Friday, May 24, 2019 [Tweets] [Favorites]

Why Does Windows Use Backslash As the Path Separator?

Michal Necasek (via Hacker News):

Microsoft reportedly wanted to use the forward slash as path separator, but IBM nixed the idea because it would have created an incompatibility with DOS 1.x, which already used the forward slash as a switch character, separating command options.

[…]

Changing the slash semantics had a clear potential for destroying data, especially when running batch files written for DOS 1.1. Something like ‘COPY FOO + BAR /A’ has rather different semantics when /A is a switch vs. when /A is a file or directory in the disk’s root directory.

[…]

There have Microsoft’s own word that the forward slash came not from CP/M, not from IBM, but from DEC, and there’s an explicit mention of TOPS-10.

1 Comment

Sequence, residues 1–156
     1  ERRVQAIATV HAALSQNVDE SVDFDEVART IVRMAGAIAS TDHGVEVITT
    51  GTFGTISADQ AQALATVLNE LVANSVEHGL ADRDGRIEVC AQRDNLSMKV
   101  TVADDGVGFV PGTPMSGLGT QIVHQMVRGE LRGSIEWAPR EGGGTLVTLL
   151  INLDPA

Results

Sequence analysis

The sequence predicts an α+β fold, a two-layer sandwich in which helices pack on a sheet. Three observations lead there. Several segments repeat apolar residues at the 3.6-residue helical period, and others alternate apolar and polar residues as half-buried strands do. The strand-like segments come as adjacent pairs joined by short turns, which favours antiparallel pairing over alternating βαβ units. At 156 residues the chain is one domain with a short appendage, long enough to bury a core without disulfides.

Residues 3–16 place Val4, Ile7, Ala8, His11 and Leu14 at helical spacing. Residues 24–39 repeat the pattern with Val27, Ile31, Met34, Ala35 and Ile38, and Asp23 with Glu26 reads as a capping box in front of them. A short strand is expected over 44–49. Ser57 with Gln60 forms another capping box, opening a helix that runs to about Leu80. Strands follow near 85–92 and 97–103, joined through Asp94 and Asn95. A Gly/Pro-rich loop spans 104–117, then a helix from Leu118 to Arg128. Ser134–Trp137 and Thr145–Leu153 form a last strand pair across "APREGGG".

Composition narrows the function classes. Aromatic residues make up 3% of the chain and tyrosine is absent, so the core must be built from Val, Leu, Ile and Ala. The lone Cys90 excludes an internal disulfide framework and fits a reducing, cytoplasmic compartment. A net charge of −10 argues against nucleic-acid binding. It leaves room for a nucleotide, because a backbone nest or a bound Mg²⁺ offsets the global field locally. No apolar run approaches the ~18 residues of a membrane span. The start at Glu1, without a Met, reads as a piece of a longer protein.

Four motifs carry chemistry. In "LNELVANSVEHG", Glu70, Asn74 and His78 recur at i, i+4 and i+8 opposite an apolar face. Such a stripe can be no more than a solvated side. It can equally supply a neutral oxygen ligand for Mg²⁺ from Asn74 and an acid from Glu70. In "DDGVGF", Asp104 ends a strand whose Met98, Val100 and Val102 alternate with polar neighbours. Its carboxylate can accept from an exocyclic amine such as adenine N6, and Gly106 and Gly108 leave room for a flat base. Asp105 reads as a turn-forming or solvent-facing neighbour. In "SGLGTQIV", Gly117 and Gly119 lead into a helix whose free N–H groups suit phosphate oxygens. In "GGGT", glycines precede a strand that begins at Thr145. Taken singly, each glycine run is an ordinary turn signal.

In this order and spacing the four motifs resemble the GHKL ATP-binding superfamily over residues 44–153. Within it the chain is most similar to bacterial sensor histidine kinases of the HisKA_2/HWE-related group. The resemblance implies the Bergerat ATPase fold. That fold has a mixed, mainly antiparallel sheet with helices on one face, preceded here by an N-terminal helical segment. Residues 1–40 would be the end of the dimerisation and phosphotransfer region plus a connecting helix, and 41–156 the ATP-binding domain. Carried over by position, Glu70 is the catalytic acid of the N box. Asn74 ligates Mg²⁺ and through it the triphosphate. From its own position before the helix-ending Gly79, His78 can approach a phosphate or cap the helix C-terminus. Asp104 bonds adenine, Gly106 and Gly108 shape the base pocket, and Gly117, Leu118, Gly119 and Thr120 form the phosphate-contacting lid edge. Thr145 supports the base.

As someone that started his career on CP/M and on Alpha Micro computers that used an OS closely based on TOPS-10, this was quite a trip down memory lane! And yes, thank goodness Windows did not copy the strange [nn,nn] paird number folder organization system that TOPS-10 used. If I recall correctly, [1,4] was where applications (.EXE) files lived, [1,6] was drivers, etc. At one point I had dozens of those numeric pairs memorized. There was no further nesting beyond the pair of numbers, so one would do that with numbers, for example a project might be in folders starting with [1234,100], with ,101 for source, ,102 for object, ,103 for help files, etc. I was later very happy to start using systems with a real folder hierarchy.

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